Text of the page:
Gender and Sexual Minorities (GSM)


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Definition - What does Gender and Sexual Minorities (GSM) mean?

Gender and sexual minorities is an umbrella term for people who are not heterosexual or cisgender. This term is commonly used in formal areas, such as the medical, educational, and legal fields. It is a more inclusive alternative to LGBTQ+ because it does not exclude people who do not identify as lesbian, gay, bisexual, transgender, or queer or questioning. GSM includes all these identities as well as pansexual, genderqueer, gender fluid, and many others.

Gender and sexual minorities is sometimes shortened to the acronym GSM.

Kinkly explains Gender and Sexual Minorities (GSM)

Gender and sexual minorities are very diverse, with different identities, personalities, and needs. However, many gender and sexual minorities face similar challenges. Gender and sexual minorities are more likely to battle mental health issues, including depression, anxiety, and addiction, than the general population. Suicide rates are much higher in this community.

Gender and sexual minorities often feel marginalized by society and its institutions, including the legal and health care systems. For example, some transgender people state that they feel judged by health care workers and will delay treatments, such as STI checks. Educating workers and implementing more inclusive practices can help GSMs feel more understood and accepted. Being aware of language specific to gender and sexual minorities, asking people their preferred pronouns, and only asking relevant questions can all help professionals who aren’t GSM interact with people who are.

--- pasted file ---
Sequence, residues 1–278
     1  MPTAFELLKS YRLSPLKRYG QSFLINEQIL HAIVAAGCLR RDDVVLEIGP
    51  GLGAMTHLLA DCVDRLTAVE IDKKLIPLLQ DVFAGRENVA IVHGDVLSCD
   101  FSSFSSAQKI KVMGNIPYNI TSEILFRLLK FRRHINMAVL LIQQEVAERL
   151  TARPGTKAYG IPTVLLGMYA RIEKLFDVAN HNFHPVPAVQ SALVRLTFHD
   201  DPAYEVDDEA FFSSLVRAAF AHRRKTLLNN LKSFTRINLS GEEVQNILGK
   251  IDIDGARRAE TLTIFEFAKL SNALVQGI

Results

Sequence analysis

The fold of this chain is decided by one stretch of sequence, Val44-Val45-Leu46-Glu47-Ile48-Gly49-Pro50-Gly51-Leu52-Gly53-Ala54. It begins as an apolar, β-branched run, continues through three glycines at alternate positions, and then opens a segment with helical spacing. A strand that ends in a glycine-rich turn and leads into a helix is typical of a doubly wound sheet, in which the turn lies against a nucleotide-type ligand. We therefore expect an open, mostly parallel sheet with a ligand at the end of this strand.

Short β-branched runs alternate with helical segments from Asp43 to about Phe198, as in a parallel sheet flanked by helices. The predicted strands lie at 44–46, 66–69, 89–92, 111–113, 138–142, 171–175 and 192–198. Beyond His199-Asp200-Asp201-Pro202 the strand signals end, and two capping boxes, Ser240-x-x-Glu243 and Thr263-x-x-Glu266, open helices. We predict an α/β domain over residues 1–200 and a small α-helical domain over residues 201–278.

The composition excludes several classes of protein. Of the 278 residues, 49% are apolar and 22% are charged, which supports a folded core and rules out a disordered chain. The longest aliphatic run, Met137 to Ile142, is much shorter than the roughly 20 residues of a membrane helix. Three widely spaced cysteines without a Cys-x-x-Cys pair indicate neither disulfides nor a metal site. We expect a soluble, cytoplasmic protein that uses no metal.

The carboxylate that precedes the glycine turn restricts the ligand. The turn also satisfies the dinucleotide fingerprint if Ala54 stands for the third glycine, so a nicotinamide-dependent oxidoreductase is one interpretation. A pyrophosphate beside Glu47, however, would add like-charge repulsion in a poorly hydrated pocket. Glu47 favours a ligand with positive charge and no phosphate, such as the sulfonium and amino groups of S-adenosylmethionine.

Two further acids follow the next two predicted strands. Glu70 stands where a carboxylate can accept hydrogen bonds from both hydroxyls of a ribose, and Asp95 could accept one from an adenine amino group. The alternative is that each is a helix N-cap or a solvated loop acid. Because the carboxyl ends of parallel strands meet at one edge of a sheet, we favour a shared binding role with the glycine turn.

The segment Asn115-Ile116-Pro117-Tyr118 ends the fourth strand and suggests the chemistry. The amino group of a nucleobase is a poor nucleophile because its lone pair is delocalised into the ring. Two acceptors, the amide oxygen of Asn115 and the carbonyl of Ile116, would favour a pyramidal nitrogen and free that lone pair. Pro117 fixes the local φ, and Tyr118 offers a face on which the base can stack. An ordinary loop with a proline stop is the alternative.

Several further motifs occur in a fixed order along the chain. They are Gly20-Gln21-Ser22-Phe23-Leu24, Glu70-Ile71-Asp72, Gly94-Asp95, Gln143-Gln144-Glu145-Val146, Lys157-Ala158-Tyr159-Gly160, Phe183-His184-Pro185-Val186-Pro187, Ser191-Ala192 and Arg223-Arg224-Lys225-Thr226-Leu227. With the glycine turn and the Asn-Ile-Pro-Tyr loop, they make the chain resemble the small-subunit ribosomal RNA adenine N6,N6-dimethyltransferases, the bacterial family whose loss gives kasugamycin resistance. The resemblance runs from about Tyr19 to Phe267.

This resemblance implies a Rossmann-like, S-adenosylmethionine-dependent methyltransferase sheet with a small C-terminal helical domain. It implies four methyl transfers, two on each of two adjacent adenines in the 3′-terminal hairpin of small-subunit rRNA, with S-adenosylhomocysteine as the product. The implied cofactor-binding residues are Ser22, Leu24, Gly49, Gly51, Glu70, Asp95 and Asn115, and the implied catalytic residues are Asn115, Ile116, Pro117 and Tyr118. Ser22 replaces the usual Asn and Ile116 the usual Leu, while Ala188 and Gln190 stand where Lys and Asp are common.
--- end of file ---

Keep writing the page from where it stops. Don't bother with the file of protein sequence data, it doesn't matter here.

Gender and sexual minorities are not just diverse because of their different gender and sexual identities. They are also diverse because they come from all walks of life. For this reason, people interacting with GSMs should never apply a one-size-fits-all strategy. For example, someone dealing with an Islamic transgender person should respect that person’s culture. This may require them to interact with the person differently than they would interact with an atheist transgender person, whose religion does not play a large part in their identity.

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